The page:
Today we see movements on the extremes of European and world politics, which proudly raise the ugly banner of antisemitism, which once more threatens to turn democratic and civilized societies into ones that devour their own people. Unfortunately, the picture is disturbing. Deeply disturbing. Antisemitic discourse festers not only within dark regimes; but within the heartlands of the free, democratic West. Jew-hatred still exists. Antisemitism still exists. Holocaust denial still exists. The latest reports point to new records of hatred, as antisemitism continues to don new guises, and this time it is active on virtual platforms as well—fueled by them, striking roots in them, thriving, spreading poison.
Throughout the internet, viral antisemitism is spreading at a record pace, at the click of a button. The distance between a viral video and a physical attack hardly exists at all. The distance between a Facebook post and the smashing of headstones in a cemetery is shorter than we would think. Deranged tweets can kill. They really can. Antisemites draw inspiration and ideas from virtual platforms. They are brainwashed and enraged as a result of unchecked and unrestrained online discourse.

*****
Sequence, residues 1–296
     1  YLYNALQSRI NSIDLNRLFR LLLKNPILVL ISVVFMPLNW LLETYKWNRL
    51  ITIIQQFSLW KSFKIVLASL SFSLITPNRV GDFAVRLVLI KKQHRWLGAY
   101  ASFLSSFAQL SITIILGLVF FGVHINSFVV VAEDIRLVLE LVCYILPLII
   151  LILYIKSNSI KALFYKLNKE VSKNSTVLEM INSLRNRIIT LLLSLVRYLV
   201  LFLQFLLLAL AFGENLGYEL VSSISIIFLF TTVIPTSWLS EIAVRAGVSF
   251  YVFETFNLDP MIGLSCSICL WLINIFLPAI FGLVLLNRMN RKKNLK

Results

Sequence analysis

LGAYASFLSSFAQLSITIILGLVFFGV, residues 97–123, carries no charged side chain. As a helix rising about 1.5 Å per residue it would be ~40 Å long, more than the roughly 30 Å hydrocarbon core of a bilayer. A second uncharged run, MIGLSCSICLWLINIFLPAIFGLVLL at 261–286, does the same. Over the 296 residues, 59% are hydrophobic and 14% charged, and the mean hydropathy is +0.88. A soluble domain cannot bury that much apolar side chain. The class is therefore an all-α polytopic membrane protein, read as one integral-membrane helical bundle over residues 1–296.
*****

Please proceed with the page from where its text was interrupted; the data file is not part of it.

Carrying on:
I stand before you—you, who in your identities, positions, and beliefs represent Europe’s impressive diversity—at the height of this sacred gathering, and in the heart of the place that has always championed partnership in the war against darkness and evil, and the joining of hands to uphold our most basic core moral and human values. And I call on you, elected officials of Europe: do not stand by! You must read the warning signs, detect the symptoms of the pandemic of antisemitism, and fight it at all costs. You must ensure that every Jew wanting to live a full Jewish life in your countries may do so safely and fearlessly.
You and your countries must use every tool at your disposal, from education and legislation to security and enforcement, to deter and eradicate hatred, racism, and antisemitism in all their forms. You must instill the understanding across Europe that the Jewish People’s right to national and sovereign self-determination is sacred, and manifested in our democratic state: the State of Israel. Which is why, among other things, you must move to fully adopt the International Holocaust Remembrance Alliance definition of antisemitism.